Energy, municipal backgrounds help McArthur in Parachute
Citizen Telegram Editor
PARACHUTE – For a town that relies heavily on the energy industry for its economic health, Stuart McArthur would seem to be a perfect fit.
The new Parachute town administrator brings a decade of experience in the oil and gas industry in Houston, Texas, to the post, along with a similar amount of experience as a municipal finance director and administrator.
McArthur, 58, assumed the duties in February, after serving as interim administrator since the end of November, when town trustees accepted the resignation of Bob Knight, who had been town administrator for nearly six years. McArthur is being paid an annual salary of $93,000.
“I grew up, so to speak, on the financial side” of municipal government, McArthur said.
After earning his bachelors of science degree at Brigham Young University in Provo, Utah, McArthur went on to get a masters degree in business administration from Utah State University in Logan, Utah. His local government experience includes Clark County, Wash., budget officer for the City of Aurora, finance director for Arapahoe County and town administrator in Watkins and Bennett.
“I got here and found out how great the board and this area of the state is,” McArthur said of what led him to accept the Parachute position on a permanent basis.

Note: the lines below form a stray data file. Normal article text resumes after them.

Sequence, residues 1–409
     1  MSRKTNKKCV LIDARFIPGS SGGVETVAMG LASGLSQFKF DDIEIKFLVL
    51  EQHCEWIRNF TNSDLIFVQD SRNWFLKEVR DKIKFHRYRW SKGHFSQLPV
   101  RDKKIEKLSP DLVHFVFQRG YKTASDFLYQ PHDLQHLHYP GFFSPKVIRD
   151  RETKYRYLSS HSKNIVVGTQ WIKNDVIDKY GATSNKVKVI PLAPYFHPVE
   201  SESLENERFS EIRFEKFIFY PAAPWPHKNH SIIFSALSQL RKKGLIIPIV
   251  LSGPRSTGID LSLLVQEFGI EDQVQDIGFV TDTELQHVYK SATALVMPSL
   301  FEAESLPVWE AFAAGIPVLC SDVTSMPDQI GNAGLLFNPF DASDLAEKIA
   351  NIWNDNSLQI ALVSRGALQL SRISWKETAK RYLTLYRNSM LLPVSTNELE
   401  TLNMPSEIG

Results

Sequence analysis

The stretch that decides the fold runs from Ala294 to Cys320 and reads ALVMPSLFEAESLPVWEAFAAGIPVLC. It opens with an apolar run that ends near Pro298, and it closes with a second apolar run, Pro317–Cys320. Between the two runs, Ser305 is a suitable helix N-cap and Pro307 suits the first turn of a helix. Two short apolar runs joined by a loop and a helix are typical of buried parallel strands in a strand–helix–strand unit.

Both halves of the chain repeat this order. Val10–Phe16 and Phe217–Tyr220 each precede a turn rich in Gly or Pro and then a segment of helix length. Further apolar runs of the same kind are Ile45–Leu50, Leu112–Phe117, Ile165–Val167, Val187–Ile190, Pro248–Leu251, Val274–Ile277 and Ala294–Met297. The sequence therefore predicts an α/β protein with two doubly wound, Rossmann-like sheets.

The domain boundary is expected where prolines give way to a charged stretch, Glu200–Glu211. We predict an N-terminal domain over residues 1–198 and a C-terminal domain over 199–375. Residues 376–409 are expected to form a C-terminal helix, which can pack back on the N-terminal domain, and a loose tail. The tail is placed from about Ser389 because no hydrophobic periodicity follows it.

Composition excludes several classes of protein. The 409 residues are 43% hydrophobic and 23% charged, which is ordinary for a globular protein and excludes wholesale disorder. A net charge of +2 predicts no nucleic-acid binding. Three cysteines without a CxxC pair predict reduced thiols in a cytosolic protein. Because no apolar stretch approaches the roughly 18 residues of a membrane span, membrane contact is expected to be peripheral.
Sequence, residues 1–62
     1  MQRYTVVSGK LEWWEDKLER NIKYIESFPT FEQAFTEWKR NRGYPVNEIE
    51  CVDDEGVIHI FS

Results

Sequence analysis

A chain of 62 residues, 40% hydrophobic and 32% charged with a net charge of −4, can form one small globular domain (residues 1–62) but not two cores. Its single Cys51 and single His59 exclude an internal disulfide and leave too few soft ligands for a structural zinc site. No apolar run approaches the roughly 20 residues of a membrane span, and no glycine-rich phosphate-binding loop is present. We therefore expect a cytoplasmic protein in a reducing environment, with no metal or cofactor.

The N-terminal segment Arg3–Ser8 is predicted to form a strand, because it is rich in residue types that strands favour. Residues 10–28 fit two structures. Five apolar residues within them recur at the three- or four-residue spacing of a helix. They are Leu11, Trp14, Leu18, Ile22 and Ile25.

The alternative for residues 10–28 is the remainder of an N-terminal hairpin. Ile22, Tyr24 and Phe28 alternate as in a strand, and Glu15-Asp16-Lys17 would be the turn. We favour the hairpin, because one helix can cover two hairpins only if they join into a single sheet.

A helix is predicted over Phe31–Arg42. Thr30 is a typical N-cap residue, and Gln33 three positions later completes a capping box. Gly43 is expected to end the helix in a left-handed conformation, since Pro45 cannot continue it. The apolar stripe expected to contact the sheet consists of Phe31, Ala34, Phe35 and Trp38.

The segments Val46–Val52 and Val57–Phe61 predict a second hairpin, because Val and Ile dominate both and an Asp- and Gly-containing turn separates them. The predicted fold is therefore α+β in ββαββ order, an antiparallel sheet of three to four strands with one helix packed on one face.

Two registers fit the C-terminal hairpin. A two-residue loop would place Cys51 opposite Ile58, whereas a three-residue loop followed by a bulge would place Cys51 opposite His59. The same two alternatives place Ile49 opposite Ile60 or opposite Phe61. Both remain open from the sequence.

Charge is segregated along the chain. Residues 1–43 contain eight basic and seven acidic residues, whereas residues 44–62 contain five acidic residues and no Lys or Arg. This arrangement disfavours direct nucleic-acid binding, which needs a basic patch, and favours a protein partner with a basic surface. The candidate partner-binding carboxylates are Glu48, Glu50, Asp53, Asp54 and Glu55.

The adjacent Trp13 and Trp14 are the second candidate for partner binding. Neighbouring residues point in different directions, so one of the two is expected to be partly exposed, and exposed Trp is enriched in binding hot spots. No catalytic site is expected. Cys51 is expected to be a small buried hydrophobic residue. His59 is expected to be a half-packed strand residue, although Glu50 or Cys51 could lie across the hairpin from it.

Mayor Judy Beasley said the board was very impressed with McArthur’s resume, experience working in other small towns and, most notably, how he performed as interim administrator.
“At the time we hired him as interim, we said he wasn’t being considered for the full-time position and he agreed,” she said. “But he came in and really streamlined some policies and got us on course. He seems well-liked by the people in the community he works with, and we knew what we’d get. We like him.”
McArthur thinks his background uniquely qualifies him to handle the local Parachute business climate.
“I understand the lingo of oil and gas development, what their goals and objectives are in terms of exploration and production,” McArthur said. “I think that can benefit both the industry and the town. I can relate to things on both the public and the private sectors.”
“I agree his oil and gas experience is a real plus,” Beasley said. “He’s knowledgeable and a get-it-done type of person. I think he’ll be very positive for the town.”
Beasley, who did not run for reelection in the Tuesday, April 1, municipal election, added she was sorry she won’t be mayor to see how McArthur performs his duties.
Beasley said the town did not advertise the position after hiring McArthur as interim administrator, and town trustees unanimously approved his taking on the duties full-time.
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